Retired general, author, scholar presents at CGSC Foundation event in KC
The CGSC Foundation hosted a Simons Center Distinguished Lecture Series event on Sept. 7, 2021, at the Carriage Club in Kansas City, Mo. The special guest for the evening was retired Lieutenant General H.R. McMaster who served as the 26th assistant to the President for National Security Affairs.
The evening began with a reception for sponsors and guests and transitioned to a dinner program. During the program CGSC Foundation President/CEO Roderick M. Cox welcomed the gathered audience, thanked the sponsors, and as dinner was served, he introduced McMaster to the audience.
“Thanks to Col. Rod Cox for the opportunity to see so many great old friends, meet some new friends, and to be in really distinguished company,” McMaster said. “It’s distinguished company because all of you care about our nation and you care about those who are serving in uniform and supporting the CGSC Foundation.”
McMaster began his remarks commenting on his eagerness to serve the commander-in-chief as the national security advisor, but spent the bulk of his time speaking to what he called the “catastrophe” in Afghanistan and how it has its roots in misunderstanding, self-delusion and strategic incompetence and narcissism. He also spoke about its effects on Afghan and U.S citizens from a political and security perspective and what we all can do to begin to recover from this catastrophe and try to improve our competence and regain our confidence in who we are as a people.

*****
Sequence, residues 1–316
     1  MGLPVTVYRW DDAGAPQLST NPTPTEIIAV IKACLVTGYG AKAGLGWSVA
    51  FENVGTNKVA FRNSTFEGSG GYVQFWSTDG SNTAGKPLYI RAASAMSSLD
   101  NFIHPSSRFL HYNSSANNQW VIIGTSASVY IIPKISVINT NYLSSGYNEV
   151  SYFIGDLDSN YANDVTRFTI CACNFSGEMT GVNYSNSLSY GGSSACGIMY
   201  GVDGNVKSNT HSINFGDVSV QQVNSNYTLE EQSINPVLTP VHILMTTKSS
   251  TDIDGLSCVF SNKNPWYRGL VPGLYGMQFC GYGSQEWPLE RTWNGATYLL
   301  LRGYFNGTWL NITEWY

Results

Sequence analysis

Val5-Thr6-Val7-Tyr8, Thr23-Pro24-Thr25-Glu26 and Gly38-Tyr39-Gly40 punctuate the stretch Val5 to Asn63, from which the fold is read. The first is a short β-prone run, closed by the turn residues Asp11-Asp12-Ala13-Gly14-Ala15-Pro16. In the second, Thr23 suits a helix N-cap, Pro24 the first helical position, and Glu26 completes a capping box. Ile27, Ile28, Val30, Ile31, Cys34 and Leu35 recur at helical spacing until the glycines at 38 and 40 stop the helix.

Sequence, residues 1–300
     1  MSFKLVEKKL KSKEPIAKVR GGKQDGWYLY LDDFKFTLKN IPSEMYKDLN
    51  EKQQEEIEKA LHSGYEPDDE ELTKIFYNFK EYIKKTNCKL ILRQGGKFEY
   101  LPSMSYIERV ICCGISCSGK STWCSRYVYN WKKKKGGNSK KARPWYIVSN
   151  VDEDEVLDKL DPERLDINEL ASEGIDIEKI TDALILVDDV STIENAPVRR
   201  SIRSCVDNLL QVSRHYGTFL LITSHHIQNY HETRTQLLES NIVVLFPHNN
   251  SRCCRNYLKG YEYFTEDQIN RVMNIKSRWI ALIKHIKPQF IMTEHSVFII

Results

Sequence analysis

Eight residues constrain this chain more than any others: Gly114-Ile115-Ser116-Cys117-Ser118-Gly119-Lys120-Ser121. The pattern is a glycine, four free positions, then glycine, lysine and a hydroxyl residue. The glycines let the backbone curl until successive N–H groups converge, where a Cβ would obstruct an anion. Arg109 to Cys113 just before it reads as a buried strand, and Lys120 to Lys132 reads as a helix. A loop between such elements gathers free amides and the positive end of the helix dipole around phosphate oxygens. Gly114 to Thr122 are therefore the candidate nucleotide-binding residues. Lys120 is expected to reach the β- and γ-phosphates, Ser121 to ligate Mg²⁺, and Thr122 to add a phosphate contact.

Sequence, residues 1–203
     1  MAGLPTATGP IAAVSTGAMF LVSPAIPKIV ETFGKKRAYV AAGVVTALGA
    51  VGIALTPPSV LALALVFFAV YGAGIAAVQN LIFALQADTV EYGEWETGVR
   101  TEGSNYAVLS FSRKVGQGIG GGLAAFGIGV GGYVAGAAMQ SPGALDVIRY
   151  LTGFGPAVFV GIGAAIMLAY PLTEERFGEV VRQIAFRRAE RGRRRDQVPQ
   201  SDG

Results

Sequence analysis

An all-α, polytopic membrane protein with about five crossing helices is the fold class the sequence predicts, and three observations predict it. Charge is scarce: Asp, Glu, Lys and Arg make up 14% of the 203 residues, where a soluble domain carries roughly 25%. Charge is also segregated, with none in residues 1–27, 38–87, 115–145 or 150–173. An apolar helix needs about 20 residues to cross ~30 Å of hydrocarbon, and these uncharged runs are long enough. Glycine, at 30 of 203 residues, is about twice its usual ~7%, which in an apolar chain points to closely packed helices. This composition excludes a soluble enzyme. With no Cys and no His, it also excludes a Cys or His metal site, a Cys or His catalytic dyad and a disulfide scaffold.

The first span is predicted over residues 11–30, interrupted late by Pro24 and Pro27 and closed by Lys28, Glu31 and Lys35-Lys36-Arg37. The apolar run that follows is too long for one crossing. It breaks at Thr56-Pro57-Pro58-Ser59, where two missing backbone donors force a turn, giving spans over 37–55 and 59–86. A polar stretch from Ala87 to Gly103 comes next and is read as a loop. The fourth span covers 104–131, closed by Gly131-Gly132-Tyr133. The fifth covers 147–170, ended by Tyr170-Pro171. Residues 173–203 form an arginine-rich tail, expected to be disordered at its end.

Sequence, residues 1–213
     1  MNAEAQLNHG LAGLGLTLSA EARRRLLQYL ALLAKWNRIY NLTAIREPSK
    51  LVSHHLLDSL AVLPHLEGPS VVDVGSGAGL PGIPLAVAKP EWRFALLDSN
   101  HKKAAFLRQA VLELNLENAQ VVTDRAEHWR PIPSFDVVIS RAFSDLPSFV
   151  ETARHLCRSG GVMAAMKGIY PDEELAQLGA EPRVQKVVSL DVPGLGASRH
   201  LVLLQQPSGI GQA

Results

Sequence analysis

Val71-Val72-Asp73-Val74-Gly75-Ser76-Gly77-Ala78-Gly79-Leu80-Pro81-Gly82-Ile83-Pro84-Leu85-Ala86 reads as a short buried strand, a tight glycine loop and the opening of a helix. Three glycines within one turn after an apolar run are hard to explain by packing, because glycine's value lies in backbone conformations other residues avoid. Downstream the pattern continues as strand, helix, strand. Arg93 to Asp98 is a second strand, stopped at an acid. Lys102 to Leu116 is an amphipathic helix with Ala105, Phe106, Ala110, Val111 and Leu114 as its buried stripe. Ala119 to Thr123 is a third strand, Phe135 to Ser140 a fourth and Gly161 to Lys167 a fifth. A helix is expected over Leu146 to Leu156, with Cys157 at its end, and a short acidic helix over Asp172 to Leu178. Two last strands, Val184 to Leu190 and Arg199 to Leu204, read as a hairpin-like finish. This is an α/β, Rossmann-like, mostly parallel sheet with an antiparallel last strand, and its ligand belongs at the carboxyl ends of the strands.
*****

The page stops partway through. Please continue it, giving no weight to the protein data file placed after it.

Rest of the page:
“Everything you hear from Washington, D.C. today is the opposite of reality,” said McMaster. “This is due, I think, to self-delusion based on what I would call strategic narcissism – the tendency to define the world only in relation to us and to assume that what we decide to do or decide not to do is decisive toward achieving a favorable outcome.”
Because of this delusional approach to the world McMaster said we have lost our strategic competence, because our strategies, like the strategy in Afghanistan, are based on what we prefer rather than what the situation demands. The end result is self-delusion which has led to self-defeat.
McMaster listed several instances of “what we have heard from Washington” and provided facts revealing just the opposite.
“We heard that we had accomplished nothing in Afghanistan, we had wasted trillions of dollars, but then we watched as the Afghan people, especially women, overnight lost the freedoms they secured over two decades with the support of the United States and our partners,” he said.
“We heard that Afghan forces should have fought harder, that they rolled over, that they lacked will, but tens of thousands of Afghans made the ultimate sacrifice and the psychological blows delivered through America’s capitulation agreement with the Taliban, forced release of 5,000 Taliban prisoners, withdrawn air support, and sudden retreat fell harder on the Afghan government and security forces than even the physical blows the Taliban could deliver.”